Schwartz, M. W. and S. M. Hermann. 1999. Is slow growth of the endangered Torreya taxifolia (Arn.) normal? Journal of the Torrey Botanical Society 126(4): 307-312.

Schwartz, M. W., S. M. Hermann, and C. S. Vogel.  1995. The catastrophic loss of Torreya taxifolia: Assessing environmental induction of disease hypotheses. Ecological Applications 5(2): 501-516.

Schwartz, M. W., S. M. Hermann, and P. J. van Mantgem. 2000a. Estimating the magnitude of decline of the Florida torreya (Torreya taxifolia Arn.). Biological Conservation 95(1): 77-84.

Schwartz, M. W.,  S. M. Hermann, and P. J. van Mantgem. 2000b. Population persistence in Florida torreya: comparing modeled projections of a declining coniferous tree. Conservation Biology 14(4): 1023-1033.

Smith, J. A., K. O’Donnell, L. L. Mount, K. Shin, K. Peacock, A. Trulock, T. Spector, J. Cruse-Sanders, and R. Determann. 2011. A novel Fusarium species causes a canker disease of the critically endangered conifer, Torreya taxifolia. Plant Disease 95(6 (): 633-639.

Xiao, P. G., B. Huang, G. B. Ge, and L. Yang. 2008. Interspecific relationships and origins of Taxaceae and Cephalotaxaceae revealed by partitioned Bayesian analyses of chloroplast and nuclear DNA sequences. Plant Systematics and Evolution 276(1-2): 89-104.

 

Soil-dwelling lichens of Gulf Islands National Seashore

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Vegetation in Gulf Islands National Seashore dominated by soil-dwelling lichens, mostly Cladonia leporina. Graminoids and dwarf shrubs are also present. This picture was taken near the edge of a sandy upland area; the middle of this area had less lichen cover and more species of herbaceous vascular plants.

This summer I am—officially—conducting vegetation surveys of vascular plants. But while I do love the beauty and diversity of tracheophytes, I am a cryptogam biologist at heart. When our team was in Big Thicket National Preserve earlier this summer, I identified (with Reese 1984 and other sources) any moss or liverwort species that covered at least 1% of a survey plot. In Big Thicket, wet floodplains whose non-woody vegetation is dominated by Sphagnum palustre and Pallavicinia lyellii occur frequently throughout the park. Drier upland sites sometimes support Leucobryum glaucum and Atrichum angustatum, although these species are never dominant.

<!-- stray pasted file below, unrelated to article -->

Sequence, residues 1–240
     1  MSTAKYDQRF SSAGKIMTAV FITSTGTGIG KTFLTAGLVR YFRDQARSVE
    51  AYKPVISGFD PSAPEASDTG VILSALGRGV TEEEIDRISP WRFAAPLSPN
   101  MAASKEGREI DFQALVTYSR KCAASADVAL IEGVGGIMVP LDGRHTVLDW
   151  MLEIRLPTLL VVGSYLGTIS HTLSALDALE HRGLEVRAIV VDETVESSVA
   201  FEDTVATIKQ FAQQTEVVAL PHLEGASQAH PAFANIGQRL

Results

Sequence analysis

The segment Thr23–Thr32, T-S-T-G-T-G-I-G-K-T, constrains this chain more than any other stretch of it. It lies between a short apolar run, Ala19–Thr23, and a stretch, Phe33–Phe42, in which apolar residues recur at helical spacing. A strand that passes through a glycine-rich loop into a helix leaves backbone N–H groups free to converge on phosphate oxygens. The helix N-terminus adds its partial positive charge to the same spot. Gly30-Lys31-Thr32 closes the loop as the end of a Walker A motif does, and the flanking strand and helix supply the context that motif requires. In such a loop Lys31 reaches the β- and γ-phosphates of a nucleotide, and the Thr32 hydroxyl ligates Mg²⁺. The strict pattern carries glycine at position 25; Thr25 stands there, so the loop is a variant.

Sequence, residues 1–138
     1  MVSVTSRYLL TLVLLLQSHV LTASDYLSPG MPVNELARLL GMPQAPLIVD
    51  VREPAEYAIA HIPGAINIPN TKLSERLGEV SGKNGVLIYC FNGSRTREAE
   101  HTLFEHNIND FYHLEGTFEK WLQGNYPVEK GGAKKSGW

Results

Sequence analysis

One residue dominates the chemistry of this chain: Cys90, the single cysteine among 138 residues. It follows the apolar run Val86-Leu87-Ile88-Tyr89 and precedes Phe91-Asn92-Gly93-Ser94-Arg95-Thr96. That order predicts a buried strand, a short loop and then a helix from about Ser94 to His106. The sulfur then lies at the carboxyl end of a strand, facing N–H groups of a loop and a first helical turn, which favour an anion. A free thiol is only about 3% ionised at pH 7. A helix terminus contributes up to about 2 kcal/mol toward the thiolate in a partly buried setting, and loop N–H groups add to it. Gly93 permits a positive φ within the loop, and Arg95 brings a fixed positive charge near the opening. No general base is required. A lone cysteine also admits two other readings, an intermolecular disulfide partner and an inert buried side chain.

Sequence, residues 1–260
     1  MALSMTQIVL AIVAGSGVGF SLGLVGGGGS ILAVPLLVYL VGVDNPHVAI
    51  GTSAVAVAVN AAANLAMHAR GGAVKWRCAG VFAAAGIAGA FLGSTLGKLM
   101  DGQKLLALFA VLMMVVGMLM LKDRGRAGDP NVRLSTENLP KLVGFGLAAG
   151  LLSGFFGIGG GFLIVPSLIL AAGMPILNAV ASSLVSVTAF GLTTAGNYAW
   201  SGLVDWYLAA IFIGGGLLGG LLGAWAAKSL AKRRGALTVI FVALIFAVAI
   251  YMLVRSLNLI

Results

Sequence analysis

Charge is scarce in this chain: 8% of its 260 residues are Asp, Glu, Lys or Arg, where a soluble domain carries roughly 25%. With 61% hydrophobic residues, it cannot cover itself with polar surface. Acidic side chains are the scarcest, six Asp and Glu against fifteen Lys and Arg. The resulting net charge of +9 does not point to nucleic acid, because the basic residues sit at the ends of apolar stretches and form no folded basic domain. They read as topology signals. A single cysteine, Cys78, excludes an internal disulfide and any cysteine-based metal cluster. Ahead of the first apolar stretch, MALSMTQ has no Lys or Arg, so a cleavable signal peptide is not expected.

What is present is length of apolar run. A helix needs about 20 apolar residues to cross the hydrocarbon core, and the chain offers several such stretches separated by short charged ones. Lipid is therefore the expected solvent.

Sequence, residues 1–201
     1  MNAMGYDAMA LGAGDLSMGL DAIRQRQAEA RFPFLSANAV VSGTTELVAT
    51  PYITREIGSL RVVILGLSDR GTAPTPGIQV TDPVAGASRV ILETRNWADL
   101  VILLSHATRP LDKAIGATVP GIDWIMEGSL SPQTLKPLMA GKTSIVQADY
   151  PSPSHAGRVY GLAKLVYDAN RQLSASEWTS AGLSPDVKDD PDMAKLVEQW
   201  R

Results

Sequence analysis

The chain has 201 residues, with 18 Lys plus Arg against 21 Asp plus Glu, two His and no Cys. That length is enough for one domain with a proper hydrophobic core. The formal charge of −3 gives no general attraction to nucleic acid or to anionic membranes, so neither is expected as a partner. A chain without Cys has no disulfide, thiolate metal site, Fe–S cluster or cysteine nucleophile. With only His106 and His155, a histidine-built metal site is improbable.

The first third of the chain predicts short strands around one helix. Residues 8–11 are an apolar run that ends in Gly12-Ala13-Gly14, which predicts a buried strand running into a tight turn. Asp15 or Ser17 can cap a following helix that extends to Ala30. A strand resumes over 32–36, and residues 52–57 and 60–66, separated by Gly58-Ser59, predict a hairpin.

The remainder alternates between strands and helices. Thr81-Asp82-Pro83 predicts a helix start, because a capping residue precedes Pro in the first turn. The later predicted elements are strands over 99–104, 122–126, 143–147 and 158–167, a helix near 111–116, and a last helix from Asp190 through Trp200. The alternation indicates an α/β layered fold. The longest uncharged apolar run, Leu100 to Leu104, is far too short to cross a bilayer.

Now we are working at Gulf Islands National Seashore, and the bryoflora is much less conspicuous. Aside from one wet depression in the middle of Quercus geminata shrubland, which at ground level was covered by a Sphagnum sp. I have yet to identify, I have not seen any sites where bryophytes form a dominant component of the vegetation.

But while Gulf Islands hasn’t been a bryologist’s paradise, I have been pleasantly surprised by the prominent role terricolous (soil-dwelling) lichens play in some of the park’s habitats. Three species of Cladonia are of particular note: C. leporina, C. prostrata, and C. evansii. They all seem to be most abundant in the Naval Live Oaks and Fort Pickens areas of the park, although I have seen them, albeit not in any abundance, in other areas.

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Cladonia leporina. This species is unique among “red-fruited” Cladonia in having richly-branched podetia (Hammer 2001).

These three species are all characteristic of the southeast coastal plain and are found growing on sandy soils in full or partial sunlight. Cladonia prostrata has the most restricted range; it is found in Florida and adjoining states. Cladonia evansii can be seen further north along the Atlantic coast, while C. leporina has the broadest range of the three and occurs in more inland areas towards the southern Appalachians (Brodo et al. 2001).

In our field sites, I have seen Cladonia evansii most often in semi-shaded areas under an oak canopy. Cladonia prostrata and C. leporina have seemed more common at more exposed sites, either under a sparse layer of shrubby oaks or in gaps in herbaceous vegetation. Vegetation communities containing Cladonia species have tended to be in areas of stable soil: relic dunes and sandy uplands.

Cladonia species have received some attention in ecological studies of Florida scrubland. They may suppress seedling recruitment in vascular plants (Hawkes and Menges 2003). In addition, they tend to become more abundant in post-fire landscapes (Menges and Kohfeldt 1995) and benefit from larger gaps in shrub vegetation (Menges et al. 2008).

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Cladonia prostrata. This species is sometimes called “resurrection Cladonia” because its large squamules noticeably curl up when dry and unfurl when wet.

 

UPDATE, 30 AUGUST 2016: When I originally wrote this post, I hadn’t taken any photos of Cladonia evansii. Below are a couple from today’s fieldwork.

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Literature Cited

Brodo, I. M., S. D. Sharnoff, and S. Sharnoff. 2001. Lichens of North America. Yale University Press, New Haven, CT, USA.

Hammer, S. 2001. Growth dynamics and the taxonomic status of Cladonia leporina. Rhodora 103(916): 405-415.

Hawkes, C. V. and E. S. Menges. 2003. Effects of lichens on seedling emergence in a xeric Florida shrubland. Southeastern Naturalist 2(2), 223–234.